>> Google Hacking Inquiry, but am currently waiting to hear back from
>> Christian regarding his ability to move forward if his membership were to
>> be reinstated.
>> *Google Hacking Inquiry*
>> Regarding the Google Hacking inquiry, I have had a couple of phone calls
>> now with Christian as well as one with Chris Gates (both recorded and
>> you've been provided with links separately). I've also been in contact
>> with Jeff Williams, Dinis Cruz, Brad Causey, and Jason Li to talk about
>> circumstances around the Google Hacking Inquiry. There have been a few
>> others whose names have come up that it may be pertinent to speak to (Chris
>> Spencer and Andrew Vanderstock), but I'm confident that it won't change my
>> advice here. While I cannot go so far as to say that a great injustice has
>> been done, I do think that I've found plenty of evidence to make me doubt
>> the circumstances of the inquiry and it's benefit (or lack thereof) to
>> Unfortunately, back then, there does not appear to have been much control
>> over the projects. There did not exist the new levels, but if I had to
>> qualify it, I'd say that the Google Hacking Project fits squarely into the
>> "Incubator" level of our new project classification. The interesting thing
>> about this level is that source code is NOT required. To the contrary,
>> this level is basically, "I have an idea, let's see if I can turn it into
>> something real." One of the deliverables for moving on to the next level
>> is a working POC, but from the looks of it, one could remain in the
>> "Incubator" bucket for up to a year without ever providing the source
>> code. And, assuming you did that, the consequence is to be de-listed from
>> the "Incubator" bucket until you have a POC. This makes 100% sense to me
>> as it helps to foster ideas and provide support while still maintaining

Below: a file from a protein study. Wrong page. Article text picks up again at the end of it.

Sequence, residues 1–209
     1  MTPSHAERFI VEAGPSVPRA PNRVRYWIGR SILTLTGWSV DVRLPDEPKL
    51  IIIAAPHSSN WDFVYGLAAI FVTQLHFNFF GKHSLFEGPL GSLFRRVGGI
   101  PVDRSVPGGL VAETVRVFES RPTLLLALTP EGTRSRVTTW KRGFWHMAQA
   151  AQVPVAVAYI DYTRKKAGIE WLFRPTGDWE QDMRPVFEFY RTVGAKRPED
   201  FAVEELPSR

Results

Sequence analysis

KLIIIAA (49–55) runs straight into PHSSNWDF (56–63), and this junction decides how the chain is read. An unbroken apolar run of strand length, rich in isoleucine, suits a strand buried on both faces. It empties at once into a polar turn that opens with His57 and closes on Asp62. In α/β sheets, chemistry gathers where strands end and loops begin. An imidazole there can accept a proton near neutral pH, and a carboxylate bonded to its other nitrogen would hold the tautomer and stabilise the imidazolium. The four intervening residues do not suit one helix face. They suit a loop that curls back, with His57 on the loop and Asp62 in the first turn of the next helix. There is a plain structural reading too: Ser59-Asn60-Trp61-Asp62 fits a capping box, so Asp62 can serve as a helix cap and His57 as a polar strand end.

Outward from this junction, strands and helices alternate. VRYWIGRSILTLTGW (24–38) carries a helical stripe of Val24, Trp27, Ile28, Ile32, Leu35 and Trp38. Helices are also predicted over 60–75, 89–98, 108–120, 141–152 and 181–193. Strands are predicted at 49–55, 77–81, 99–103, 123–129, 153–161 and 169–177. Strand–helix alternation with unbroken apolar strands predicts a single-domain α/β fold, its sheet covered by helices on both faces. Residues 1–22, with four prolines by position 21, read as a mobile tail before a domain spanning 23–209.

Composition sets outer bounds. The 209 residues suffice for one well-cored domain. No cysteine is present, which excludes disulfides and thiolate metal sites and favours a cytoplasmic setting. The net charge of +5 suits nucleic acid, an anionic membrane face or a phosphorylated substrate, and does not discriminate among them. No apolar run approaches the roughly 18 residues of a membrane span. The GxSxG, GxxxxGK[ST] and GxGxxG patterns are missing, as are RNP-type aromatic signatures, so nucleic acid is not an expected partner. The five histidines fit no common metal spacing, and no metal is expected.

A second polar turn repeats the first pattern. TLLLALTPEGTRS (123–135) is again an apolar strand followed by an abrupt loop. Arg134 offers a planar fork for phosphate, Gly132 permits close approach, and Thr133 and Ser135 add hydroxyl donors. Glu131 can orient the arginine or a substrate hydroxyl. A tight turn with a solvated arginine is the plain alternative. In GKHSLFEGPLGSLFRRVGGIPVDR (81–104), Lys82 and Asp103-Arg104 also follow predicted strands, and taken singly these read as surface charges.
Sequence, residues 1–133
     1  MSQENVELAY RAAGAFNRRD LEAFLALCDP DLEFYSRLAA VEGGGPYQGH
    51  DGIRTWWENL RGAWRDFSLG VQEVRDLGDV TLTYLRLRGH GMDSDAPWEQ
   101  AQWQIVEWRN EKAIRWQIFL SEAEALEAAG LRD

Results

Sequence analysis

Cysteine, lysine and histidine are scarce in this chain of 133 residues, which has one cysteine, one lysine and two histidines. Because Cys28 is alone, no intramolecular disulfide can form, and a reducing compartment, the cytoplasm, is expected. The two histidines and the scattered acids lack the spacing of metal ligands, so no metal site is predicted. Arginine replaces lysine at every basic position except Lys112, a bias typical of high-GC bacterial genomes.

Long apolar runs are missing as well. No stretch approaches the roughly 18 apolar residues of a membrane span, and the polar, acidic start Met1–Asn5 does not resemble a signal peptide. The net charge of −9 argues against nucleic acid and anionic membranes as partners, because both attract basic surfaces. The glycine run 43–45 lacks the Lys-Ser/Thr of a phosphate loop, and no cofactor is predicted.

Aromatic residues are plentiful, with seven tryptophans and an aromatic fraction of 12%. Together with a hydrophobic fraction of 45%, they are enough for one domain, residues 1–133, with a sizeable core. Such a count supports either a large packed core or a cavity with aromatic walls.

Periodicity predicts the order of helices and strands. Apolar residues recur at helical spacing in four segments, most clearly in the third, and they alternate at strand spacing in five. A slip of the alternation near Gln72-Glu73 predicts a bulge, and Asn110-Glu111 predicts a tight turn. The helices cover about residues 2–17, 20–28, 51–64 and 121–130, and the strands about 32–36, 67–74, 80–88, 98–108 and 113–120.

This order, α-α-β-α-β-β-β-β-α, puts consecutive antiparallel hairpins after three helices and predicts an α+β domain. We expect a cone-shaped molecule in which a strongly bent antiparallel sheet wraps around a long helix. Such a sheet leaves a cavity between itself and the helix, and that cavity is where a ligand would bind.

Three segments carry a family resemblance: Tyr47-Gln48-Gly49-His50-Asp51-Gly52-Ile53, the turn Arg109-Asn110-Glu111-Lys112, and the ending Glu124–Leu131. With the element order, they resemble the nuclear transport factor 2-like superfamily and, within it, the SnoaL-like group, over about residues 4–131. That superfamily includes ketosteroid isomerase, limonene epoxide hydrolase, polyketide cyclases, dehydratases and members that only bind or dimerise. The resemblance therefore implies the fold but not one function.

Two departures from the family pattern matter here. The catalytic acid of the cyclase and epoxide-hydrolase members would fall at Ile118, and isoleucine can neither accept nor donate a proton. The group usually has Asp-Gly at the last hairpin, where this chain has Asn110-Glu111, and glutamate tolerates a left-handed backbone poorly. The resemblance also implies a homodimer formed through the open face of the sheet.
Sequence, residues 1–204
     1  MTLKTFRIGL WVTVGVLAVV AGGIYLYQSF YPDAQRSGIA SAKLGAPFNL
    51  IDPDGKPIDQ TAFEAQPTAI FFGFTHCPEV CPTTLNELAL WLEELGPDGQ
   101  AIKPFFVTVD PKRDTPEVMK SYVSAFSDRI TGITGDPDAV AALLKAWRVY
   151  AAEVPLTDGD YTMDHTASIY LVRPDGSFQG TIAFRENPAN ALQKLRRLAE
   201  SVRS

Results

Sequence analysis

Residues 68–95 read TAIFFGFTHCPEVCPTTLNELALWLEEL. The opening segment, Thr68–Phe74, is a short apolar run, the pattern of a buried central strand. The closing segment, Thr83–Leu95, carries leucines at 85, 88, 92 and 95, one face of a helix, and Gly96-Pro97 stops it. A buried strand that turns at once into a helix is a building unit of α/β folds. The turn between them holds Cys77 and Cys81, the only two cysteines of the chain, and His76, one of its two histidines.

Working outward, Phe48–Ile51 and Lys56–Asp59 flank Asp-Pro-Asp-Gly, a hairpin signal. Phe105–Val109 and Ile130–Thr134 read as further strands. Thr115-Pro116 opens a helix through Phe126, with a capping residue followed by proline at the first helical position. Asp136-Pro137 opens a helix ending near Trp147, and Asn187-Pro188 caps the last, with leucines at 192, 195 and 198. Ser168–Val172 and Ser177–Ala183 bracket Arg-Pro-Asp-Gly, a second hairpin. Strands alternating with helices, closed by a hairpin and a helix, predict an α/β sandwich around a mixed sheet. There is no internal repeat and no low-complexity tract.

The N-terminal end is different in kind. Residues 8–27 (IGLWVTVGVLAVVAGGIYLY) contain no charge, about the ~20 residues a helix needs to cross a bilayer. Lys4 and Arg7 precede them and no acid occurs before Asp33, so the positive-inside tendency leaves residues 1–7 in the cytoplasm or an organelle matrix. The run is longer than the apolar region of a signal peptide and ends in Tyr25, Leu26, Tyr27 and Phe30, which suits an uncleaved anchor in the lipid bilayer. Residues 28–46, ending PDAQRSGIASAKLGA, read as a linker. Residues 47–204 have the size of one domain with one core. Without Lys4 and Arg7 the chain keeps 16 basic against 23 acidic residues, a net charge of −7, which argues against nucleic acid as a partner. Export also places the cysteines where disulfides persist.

>> quality control over our projects. Christian's claim is that he had his
>> source code in an open repository, but never published a link because his
>> project was never reviewed. He provided at least one potential reviewer
>> who was rejected at the time because they were not an OWASP member. His
>> attempts to find a reviewer who was an OWASP member were unsuccessful. His
>> presentations at the time did include a slide soliciting reviewers. So, my
>> conclusion here is that Christian did what would be expected of an
>> "Incubator" level project. Publishing source code probably shouldn't have
>> been an expectation (at least not right off the bat) and the resulting
>> "punishment" from the Inquiry was certainly harsher than today's standard.
>> On top of the above, it is clear that Christian feels that the Inquiry
>> has affected his ability to work as well as his general state of well
>> being. If this is true, then it is in direct contradiction to the OWASP
>> Code of Ethics where we state that OWASP members should not intentionally
>> injure or impugn the professional reputation of our colleagues. I don't
>> think that it is rational for us to question whether this is or is not
>> true, and therefore feel like our best course of action is to assume that
>> it is and work to correct the situation. My proposal is to remove the
>> Google Hacking Inquiry document and any reference documentation as well
>> that is on the OWASP public website. In it's stead, I would like to place
>> the following text:
>> Recently, information has been brought to our attention which allows the
>>> current OWASP Board to revisit OWASP's position on the Google Hacking
>>> Inquiry that was undertaken in July of 2010. The OWASP Code of Ethics<https://www.owasp.org/index.php/About_The_Open_Web_Application_Security_Project#Code_of_Ethics>states that we should not intentionally injure or impugn the professional
>>> reputation of colleagues and, upon consideration, we feel that perpetuating